On our way to Solomon, Skimpy passes over the deepest water yet. Depths of more than 9km. An Everest of water beneath us. What secrets lurks below?
An interesting but also at times frustrating thing about travelling is the language barrier. It makes a huge difference to be able to speak to the local people on a higher level than just asking for the price of vegetables. In French Polynesia most locals spoke a bit of French, which didn't help us a lot, although Simon did brush up on his old high school French and eventually managed to have some conversations. Since then things have improved as we slowly moved closer to Australia. Both Tonga and Fiji have strong ties to New Zealand and Australia and English is taught from an early age in school.
In Vanuatu there is more than 120 spoken local languages and often two neighboring villages will not be able to understand each other. Most locals speak 4-5 different local languages as well as English and then of course the official language of Vanuatu, Bislama. Bislama was apparently the language spoken between the Vanuatu migrant workers and is a form of pidgin English also spoken in the Solomon Islands. It sounds like children talking and is a constant source of entertainment when you learn new words. It consists of only 2500 words which makes it easy to learn but the drawback is of course that some common English words have to be elaborated with a few more words in Bislama.
Below is a quick compilation of some of the most entertaining words we have found.. and this is not a joke. People actually understand this although most of the time they know the English words and use this instead. It may look like gibberish, but speak it out loud and it makes sense.
Do you speak English? - Yu tok tok Engglis?
I don't understand - Mi no save
I like it - Mi laikem
My name is Tue - Nam blong me Tue
Mask - Glass blong daeve
Fins - Fit blong dakdak
Snorkel - Paep blong pullem wind
Double bed - Bid blong marred
Condom - Ruba blong fakfak
To hit - Killem
To hit something and kill it - Killem ded finis
To teach - Tijim
Sunrise - Taim sun i kam up
And our personal favorites. If you can't figure out the meaning and are getting desperate, you may email us for the answers on: firstname.lastname@example.org
Wan tingting i gat tith, i go, i kam, i go, i kam, taim i go kam bak i kakae wud (hint: it's a tool)
Wan bigfala bokis, i gat tith. Sam i waet, sam i blak. Taim yu killem i singaot (hint: instrument)
Wan smal sista blong bigfala bokis. Taim yu scratchem belli i kri (hint: another instrument)
Muskat blong solwata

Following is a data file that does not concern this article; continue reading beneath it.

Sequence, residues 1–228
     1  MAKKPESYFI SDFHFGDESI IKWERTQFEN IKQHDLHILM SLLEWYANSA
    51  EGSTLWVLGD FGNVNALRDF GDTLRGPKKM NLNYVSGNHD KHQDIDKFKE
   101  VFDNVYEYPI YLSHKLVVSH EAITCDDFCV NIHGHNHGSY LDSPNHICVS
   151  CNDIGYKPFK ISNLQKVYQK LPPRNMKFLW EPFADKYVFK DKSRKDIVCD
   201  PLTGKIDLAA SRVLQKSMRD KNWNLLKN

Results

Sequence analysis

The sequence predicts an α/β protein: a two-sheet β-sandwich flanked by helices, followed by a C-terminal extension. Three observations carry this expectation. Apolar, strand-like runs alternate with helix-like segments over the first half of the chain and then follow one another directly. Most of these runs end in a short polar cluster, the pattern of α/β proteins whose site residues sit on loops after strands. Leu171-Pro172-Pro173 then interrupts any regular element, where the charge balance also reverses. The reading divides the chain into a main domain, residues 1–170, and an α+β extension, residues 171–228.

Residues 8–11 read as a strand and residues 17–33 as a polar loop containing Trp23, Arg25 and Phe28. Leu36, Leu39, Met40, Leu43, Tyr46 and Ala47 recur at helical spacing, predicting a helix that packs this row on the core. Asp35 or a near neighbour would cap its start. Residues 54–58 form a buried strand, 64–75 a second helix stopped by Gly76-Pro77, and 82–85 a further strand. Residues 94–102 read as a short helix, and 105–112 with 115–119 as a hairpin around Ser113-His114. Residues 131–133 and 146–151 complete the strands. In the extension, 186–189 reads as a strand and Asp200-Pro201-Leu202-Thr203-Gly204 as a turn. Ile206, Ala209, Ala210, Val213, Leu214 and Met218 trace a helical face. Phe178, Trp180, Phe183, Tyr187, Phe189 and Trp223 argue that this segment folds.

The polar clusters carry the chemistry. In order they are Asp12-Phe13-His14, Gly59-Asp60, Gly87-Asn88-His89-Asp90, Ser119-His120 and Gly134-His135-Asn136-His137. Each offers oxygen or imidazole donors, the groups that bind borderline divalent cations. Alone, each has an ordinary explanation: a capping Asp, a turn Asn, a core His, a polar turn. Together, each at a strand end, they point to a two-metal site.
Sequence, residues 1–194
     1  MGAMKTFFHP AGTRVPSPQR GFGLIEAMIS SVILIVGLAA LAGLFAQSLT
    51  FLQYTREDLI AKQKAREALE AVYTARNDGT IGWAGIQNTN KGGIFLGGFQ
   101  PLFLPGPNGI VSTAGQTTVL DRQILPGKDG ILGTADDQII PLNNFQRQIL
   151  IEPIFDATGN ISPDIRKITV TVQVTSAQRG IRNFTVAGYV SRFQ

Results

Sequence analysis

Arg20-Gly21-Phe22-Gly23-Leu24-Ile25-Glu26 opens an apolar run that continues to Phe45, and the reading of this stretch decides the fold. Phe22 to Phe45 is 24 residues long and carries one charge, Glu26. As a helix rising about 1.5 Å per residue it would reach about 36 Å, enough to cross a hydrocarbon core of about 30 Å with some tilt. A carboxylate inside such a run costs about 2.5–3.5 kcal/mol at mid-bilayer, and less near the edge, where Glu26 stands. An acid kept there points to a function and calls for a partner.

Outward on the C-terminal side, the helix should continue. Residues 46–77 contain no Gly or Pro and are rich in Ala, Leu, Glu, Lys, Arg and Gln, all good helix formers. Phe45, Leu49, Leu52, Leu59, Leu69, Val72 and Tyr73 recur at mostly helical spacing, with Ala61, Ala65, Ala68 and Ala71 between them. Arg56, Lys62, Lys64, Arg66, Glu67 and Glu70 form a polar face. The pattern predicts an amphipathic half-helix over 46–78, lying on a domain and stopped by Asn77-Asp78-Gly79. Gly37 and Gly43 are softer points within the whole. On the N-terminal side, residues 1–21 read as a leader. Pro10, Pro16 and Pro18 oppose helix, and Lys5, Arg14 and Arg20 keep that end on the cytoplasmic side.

Skimpy was almost washed onto a reef yesterday. At no stage was any of us in danger of being hurt but we almost lost the boat; fortunately it didn't happen, and I have my brilliant crew to thank for that, but it was very close. Its sobering being close to disaster. In the actual moment your thoughts are occupied purely by wanting to get out of danger. After the danger has passed however other emotions are experienced; fear of course, and often also a deep appreciation of what you have and what you could have lost. Anchoring a boat is a complicated business. Many things need to be taken into account - which direction is the wind coming from, which direction the waves are coming from, what hazards are nearby, are you anchoring on sand or rock, etc. And to make matters more complex you have to take into account the weather changing and the effect it would have on these variables. Fortunately in the majority of instances we are very good at judging whats happening and enjoy safe and comfortable days anchored in beautiful places. Yesterday however was not one of those cases. We knew some strong wind was coming so we moved to an anchorage that we believed would be protected to spend a nice day inside watching DVDs as the weather blew past us. Lo and behold yesterday morning the wind picked up. At first we were very comfortable, the wind was a bit strong but not bad, Skimpy had happily anchored in much worser conditions. By midday the waves had grown larger and Skimpy was bouncing over the place and made watching DVDs untenable. This was a tragedy, I was thoroughly enjoying seeing Sean Connery in "You Only Live Twice". The large breaking waves posed no problem for the boat but it put a lot of pressure on the anchor, this was a big deal because if we drifted more than 20m we would end up on a reef! To be safe we put out a second anchor as a backup, which was just as well because our first anchor lost its grip and we started drifting towards the reef! At that very same moment the dinghy, which was tied behind Skimpy, broke its rope and started floating towards the reef! What ensued was a controlled pandemonium of picking up the runaway dinghy, picking up our first anchor, letting go of our second anchor and motoring away. This was all done successfully and Skimpy managed to get out of a potentially very dangerous situation. Meanwhile, despite the wind and the rain, the whole village was on the shore watching us! In a place without television this was great entertainment. A couple of guys came out in a boat and suggested that we move to a nearby bay that would be more protected. So now here we are anchored in another bay, safe but very much on edge, and I'm slowly digesting whats just happened. It was close, too close but we made it out ok. I feel so grateful for my friends onboard and for the local people willing to help us. An even more powerful emotion is an appreciation of the amazing experience we have sailing, travelling and living on Skimpy. Every day is an adventure, a lesson about life, and I cannot imagine anywhere in the world that I would rather be right now.